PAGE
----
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Collin County, Texas facts for kids

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Collin County
Collin County
The Collin County Courthouse in McKinney
The Collin County Courthouse in McKinney
Flag of Collin County
Official seal of Collin County
Map of Texas highlighting Collin County
Location within the U.S. state of Texas
Map of the United States highlighting Texas
Texas's location within the U.S.
Country  United States
State  Texas
Founded 1846
Named for Collin McKinney
Seat McKinney
Largest city Plano
 • Total 886 sq mi (2,290 km2)
 • Land 841 sq mi (2,180 km2)
 • Water 45 sq mi (120 km2)  5.1%%
 • Estimate 
 • Density 1,053/sq mi (407/km2)
Time zone UTC−6 (Central)
 • Summer (DST) UTC−5 (CDT)
Congressional districts 3rd, 4th, 32nd

Collin County is a county in the U.S. state of Texas. As of the 2010 United States Census, the county's population was 782,341, making it the seventh-most populous county in Texas and the 63rd-largest county by population in the United States. Its county seat is McKinney.

Collin County is part of the Dallas-Fort Worth-Arlington, Texas Metropolitan Statistical Area. A small portion of the city of Dallas is in the county.


Both the county and the county seat were named after Collin McKinney (1766-1861), one of the five men who drafted the Texas Declaration of Independence and the oldest of the 59 men who signed it.


According to the U.S. Census Bureau, the county has an area of 886 square miles (2,290 km2), of which 841 square miles (2,180 km2) is land and 45 square miles (120 km2) (5.1%) is covered by water.


Major highways

  • Texas 5.svg State Highway 5
  • Texas 78.svg State Highway 78
  • Texas 289.svg State Highway 289
  • Texas 121.svg Toll Texas SRT new.svg State Highway 121 / Sam Rayburn Tollway

Adjacent counties


Historical population
Census Pop.
1850 1,950
1860 9,264 375.1%
1870 14,013 51.3%
1880 25,983 85.4%
1890 36,736 41.4%
1900 50,087 36.3%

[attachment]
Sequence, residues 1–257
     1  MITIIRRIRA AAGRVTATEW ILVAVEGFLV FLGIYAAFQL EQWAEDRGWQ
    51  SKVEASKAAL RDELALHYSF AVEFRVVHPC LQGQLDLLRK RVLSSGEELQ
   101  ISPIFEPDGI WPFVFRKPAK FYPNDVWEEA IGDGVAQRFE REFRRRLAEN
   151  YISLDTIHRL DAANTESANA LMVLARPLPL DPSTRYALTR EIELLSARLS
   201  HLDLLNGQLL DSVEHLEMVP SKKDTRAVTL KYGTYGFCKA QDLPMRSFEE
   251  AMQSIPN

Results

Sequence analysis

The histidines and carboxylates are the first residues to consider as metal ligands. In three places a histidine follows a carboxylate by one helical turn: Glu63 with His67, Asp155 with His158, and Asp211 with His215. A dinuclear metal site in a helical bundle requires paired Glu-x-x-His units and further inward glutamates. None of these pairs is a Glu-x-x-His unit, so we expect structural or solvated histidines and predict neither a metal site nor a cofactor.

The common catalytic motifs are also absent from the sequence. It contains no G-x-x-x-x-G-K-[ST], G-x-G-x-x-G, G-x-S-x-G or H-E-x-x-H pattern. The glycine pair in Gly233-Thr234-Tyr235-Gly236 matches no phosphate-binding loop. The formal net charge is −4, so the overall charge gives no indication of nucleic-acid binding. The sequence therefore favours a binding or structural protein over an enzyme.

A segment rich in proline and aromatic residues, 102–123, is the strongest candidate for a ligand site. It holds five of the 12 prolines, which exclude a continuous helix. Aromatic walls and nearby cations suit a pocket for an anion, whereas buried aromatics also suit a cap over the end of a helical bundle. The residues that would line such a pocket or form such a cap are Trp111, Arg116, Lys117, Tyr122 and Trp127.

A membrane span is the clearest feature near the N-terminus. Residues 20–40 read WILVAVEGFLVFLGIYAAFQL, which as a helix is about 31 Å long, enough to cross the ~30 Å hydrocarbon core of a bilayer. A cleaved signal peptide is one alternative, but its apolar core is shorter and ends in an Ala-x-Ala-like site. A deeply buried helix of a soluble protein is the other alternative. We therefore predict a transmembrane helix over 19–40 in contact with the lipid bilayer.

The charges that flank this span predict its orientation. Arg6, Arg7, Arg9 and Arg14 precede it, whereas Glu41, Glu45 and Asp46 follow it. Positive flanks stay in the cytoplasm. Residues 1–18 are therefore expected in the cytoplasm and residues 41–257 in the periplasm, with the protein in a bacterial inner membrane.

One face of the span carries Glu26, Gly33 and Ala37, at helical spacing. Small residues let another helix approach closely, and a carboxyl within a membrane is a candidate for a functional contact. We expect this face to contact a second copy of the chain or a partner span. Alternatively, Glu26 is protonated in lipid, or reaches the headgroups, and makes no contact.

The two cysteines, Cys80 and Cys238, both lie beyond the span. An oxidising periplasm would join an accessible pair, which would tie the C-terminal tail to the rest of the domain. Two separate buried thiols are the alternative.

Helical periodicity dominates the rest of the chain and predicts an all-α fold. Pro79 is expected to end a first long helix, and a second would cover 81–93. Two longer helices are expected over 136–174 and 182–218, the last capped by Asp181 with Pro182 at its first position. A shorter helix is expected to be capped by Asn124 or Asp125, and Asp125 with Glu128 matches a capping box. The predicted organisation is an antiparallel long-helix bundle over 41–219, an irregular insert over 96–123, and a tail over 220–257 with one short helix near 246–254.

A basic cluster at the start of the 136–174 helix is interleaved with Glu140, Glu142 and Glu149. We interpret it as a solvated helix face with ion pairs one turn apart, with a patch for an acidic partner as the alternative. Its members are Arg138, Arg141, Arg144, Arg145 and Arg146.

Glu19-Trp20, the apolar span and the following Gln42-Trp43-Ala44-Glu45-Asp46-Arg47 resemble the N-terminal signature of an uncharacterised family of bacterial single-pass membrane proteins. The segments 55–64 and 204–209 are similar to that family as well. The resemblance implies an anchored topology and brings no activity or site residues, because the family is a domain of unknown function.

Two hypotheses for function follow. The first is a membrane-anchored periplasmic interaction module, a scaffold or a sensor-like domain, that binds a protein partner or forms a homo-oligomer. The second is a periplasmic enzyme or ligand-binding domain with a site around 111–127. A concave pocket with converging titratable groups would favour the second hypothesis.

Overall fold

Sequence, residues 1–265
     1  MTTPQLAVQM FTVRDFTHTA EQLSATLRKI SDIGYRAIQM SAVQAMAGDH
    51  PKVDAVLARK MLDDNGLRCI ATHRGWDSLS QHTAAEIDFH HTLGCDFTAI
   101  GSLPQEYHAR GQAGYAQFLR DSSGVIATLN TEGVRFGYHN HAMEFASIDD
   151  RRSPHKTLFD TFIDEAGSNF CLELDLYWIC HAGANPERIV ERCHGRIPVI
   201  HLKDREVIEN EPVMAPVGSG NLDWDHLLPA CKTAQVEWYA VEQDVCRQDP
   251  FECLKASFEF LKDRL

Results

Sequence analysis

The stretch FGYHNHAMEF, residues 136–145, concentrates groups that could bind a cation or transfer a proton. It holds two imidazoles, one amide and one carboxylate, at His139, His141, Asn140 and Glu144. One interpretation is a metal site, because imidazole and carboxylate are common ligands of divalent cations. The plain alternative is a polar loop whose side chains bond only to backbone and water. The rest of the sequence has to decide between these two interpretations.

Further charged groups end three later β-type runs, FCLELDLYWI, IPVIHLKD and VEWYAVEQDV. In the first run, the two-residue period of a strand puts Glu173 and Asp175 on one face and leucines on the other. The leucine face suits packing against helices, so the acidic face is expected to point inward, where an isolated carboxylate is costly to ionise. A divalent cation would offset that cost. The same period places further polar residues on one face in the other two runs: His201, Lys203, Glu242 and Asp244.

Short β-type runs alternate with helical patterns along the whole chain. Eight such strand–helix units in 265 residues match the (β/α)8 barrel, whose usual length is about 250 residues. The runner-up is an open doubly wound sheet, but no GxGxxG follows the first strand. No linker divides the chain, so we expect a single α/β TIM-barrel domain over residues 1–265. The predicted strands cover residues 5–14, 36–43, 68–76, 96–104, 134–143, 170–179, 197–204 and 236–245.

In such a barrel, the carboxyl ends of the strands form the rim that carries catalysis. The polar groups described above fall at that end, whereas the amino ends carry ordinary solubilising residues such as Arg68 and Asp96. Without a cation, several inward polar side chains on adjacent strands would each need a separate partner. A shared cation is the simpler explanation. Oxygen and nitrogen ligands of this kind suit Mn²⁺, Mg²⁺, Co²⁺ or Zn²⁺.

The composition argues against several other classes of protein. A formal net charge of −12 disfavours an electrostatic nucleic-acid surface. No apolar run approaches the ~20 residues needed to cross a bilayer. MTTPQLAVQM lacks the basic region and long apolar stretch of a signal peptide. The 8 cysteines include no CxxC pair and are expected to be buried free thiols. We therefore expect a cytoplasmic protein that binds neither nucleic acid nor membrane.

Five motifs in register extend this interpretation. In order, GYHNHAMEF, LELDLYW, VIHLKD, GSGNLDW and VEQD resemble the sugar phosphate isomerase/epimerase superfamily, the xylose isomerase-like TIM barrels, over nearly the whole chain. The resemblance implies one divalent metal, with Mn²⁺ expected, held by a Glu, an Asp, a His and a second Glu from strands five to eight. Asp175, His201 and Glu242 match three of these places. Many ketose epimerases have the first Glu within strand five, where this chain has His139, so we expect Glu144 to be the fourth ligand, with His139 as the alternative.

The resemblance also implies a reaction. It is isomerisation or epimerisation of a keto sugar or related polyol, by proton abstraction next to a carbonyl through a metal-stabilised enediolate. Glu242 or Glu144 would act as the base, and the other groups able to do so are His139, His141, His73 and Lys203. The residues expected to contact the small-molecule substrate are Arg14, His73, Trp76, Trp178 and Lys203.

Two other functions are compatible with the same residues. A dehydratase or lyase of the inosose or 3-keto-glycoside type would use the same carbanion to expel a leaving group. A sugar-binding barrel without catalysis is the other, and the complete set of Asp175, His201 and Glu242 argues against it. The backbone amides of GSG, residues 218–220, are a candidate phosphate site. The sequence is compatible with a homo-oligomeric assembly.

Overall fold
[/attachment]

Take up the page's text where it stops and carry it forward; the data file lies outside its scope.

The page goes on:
1910 49,021 −2.1%
1920 49,609 1.2%
1930 46,180 −6.9%
1940 47,190 2.2%
1950 41,692 −11.7%
1960 41,247 −1.1%
1970 66,920 62.2%
1980 144,576 116.0%
1990 264,036 82.6%
2000 491,675 86.2%
2010 782,341 59.1%
Est. 2015 914,127 16.8%
U.S. Decennial Census
1850–2010 2010–2014

As of the census of 2000, there were 491,675 people, 181,970 households, and 132,292 families residing in the county. The population density was 580 people per square mile (224/km²). There were 194,892 housing units at an average density of 230 per square mile (89/km²). The racial makeup of the county was 81.39% White, 4.79% Black or African American, 0.47% Native American, 6.92% Asian, 0.05% Pacific Islander, 4.26% from other races, and 2.11% from two or more races. 10.27% of the population were Hispanic or Latino of any race.

According to U.S. Census figures released in 2006, the racial makeup of the county was as follows: 77.21% White, 7.26% African American, 10.02% Asian, 0.45% Native American, 5.06% of other or mixed race. 12.8% Hispanic of any race.

There were 181,970 households out of which 40.60% had children under the age of 18 living with them, 62.10% were married couples living together, 7.50% had a female householder with no husband present, and 27.30% were non-families. 22.10% of all households were made up of individuals and 3.10% had someone living alone who was 65 years of age or older. The average household size was 2.68 and the average family size was 3.18. As of the 2010 census, there were about 4.4 same-sex couples per 1,000 households in the county.

In the county, the population was spread out with 28.70% under the age of 18, 7.40% from 18 to 24, 37.90% from 25 to 44, 20.70% from 45 to 64, and 5.30% who were 65 years of age or older. The median age was 33 years. For every 100 females there were 99.80 males. For every 100 females age 18 and over, there were 97.80 males.

The median income for a household in the county was $70,835, and the median income for a family was $81,856 (these figures had risen to $77,671 and $91,881 respectively as of a 2007 estimate). Males had a median income of $57,392 versus $36,604 for females. The per capita income for the county was $33,345. About 3.30% of families and 4.90% of the population were below the poverty line, including 5.10% of those under age 18 and 7.10% of those age 65 or over. Based on median household income, as of 2006, Collin County is the second richest county in Texas after Fort Bend, and is considered one of the wealthiest counties in the United States.

However, Collin - like other Texas counties - has one of the nation's highest property tax rates. In 2007, it was #21 for property taxes as percentage of the homes value on owner occupied housing. It also ranked in the Top 100 for amount of property taxes paid and for percentage of taxes of income. Part of this is due to the Robin Hood plan school financing system in Texas.


Collin County Parks and Open Spaces


Cities (multiple counties)



Census-designated place

Other unincorporated communities

Historical communities

Ghost towns

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